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January 22, 1955


Author Affiliations

Hamilton, Mont.

From the United States Department of Health, Education, and Welfare, Public Health Service, National Institutes of Health, National Microbiological Institute, Rocky Mountain Laboratory.

JAMA. 1955;157(4):335-337. doi:10.1001/jama.1955.02950210031010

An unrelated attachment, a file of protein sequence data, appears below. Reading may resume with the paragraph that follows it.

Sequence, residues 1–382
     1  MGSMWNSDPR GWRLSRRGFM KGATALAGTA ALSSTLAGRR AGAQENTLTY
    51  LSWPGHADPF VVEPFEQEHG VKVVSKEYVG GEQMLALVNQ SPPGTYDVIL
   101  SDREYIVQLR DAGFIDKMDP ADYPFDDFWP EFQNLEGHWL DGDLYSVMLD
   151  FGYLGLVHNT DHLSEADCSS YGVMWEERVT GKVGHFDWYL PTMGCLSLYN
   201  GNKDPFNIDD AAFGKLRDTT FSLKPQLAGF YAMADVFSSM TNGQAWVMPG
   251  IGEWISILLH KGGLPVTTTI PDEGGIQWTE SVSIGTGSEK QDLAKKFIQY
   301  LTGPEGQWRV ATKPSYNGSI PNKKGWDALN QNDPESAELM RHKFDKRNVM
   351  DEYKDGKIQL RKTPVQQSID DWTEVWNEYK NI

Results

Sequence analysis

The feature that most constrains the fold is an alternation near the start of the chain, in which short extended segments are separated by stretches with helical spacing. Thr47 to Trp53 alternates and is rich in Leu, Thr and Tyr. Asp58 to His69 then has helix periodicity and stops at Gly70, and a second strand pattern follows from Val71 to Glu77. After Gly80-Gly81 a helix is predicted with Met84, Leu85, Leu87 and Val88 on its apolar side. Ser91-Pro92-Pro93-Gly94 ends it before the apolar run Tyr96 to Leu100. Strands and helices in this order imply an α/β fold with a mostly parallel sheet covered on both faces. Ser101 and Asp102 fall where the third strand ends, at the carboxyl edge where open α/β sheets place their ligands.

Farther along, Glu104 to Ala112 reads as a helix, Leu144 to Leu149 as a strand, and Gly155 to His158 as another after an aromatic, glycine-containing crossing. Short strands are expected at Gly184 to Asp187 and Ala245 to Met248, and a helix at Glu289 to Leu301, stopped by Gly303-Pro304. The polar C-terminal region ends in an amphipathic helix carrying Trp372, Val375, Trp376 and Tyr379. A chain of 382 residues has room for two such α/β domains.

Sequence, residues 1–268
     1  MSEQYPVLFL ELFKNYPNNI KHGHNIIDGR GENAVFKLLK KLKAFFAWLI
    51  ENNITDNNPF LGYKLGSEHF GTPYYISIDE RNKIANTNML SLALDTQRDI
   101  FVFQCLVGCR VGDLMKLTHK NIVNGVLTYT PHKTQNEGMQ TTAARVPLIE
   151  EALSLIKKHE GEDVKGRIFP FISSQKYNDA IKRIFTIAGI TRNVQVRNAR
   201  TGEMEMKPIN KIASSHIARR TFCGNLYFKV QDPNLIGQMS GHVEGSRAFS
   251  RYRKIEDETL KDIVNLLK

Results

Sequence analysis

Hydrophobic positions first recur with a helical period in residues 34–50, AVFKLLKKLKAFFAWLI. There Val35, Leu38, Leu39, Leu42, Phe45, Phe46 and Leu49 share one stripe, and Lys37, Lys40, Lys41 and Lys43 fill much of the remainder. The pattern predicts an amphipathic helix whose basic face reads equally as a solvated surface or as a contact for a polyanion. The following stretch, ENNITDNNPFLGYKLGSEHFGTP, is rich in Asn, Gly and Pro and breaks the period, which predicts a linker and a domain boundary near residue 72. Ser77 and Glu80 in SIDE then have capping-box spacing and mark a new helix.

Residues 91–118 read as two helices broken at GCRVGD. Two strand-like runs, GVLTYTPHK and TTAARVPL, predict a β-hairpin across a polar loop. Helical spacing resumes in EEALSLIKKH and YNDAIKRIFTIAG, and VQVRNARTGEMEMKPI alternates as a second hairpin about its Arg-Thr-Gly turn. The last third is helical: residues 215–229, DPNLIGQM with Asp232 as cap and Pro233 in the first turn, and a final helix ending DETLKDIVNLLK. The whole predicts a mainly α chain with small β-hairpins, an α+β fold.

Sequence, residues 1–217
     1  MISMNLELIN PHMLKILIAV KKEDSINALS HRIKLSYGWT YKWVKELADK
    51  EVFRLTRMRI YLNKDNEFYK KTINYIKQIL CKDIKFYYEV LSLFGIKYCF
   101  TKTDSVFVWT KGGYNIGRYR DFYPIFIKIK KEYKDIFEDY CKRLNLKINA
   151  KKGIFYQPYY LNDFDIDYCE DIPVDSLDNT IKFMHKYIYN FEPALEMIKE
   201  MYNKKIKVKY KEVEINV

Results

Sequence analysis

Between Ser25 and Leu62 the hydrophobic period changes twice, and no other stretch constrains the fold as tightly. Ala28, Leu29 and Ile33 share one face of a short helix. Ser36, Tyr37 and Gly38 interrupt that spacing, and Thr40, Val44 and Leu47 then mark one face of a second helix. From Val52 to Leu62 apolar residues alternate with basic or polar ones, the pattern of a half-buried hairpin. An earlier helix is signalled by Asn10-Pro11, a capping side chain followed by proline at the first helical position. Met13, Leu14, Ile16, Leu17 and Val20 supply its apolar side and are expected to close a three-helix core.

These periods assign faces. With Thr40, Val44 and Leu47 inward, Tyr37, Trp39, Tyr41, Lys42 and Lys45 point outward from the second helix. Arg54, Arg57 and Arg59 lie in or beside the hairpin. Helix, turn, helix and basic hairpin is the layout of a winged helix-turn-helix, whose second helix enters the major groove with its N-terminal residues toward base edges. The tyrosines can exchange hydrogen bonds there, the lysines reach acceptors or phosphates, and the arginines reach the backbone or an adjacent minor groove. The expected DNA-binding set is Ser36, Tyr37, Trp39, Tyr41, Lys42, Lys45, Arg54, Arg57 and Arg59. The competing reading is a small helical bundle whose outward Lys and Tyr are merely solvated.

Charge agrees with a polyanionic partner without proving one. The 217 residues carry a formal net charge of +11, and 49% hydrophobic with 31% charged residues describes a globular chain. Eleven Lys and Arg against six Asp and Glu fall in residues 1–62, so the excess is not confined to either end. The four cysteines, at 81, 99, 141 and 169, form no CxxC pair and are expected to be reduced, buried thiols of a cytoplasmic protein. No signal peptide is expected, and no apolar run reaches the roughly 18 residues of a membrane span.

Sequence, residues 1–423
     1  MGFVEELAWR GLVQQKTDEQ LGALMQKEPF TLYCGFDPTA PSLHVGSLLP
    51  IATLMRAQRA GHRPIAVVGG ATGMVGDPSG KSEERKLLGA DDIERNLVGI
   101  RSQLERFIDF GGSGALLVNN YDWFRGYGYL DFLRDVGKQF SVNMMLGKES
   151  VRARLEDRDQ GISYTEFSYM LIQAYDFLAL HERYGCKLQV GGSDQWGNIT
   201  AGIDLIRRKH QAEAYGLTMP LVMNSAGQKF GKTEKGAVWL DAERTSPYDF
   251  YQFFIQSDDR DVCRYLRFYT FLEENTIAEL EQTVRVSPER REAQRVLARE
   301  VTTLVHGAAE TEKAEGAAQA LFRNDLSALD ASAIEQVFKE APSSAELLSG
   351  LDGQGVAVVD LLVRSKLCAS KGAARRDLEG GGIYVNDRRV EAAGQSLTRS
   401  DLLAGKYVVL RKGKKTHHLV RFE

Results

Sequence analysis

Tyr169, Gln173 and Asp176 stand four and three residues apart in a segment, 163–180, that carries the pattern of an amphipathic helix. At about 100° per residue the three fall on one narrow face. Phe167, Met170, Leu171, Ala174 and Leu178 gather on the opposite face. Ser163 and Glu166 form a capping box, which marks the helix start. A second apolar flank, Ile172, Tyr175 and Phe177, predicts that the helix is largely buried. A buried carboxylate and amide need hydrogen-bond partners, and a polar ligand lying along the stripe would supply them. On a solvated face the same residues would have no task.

Colorado tick fever is the only tick-transmitted virus disease of man that is recognized in the Western Hemisphere. Little is known of its geographical distribution or the distribution of virus-carrying ticks. Knowledge of this disease is derived almost solely from work done in Colorado. Becker,1 from observations made in Colorado, described a clinical entity distinguished from Rocky Mountain spotted fever by the absence of skin eruption and by uniform recovery and called it Colorado tick fever. Florio and associates,2 at the University of Colorado Medical School, Denver, isolated a virus from the blood of patients by the inoculation of human volunteers and hamsters. In subsequent publications,3 they reported isolation of the virus from ticks, Dermacentor andersoni, collected near Denver, and from D. variabilis, collected on eastern Long Island, N. Y. Koprowski and Cox4 noted that adult dilute brown agouti (dba) mice were suitable for isolating virus.

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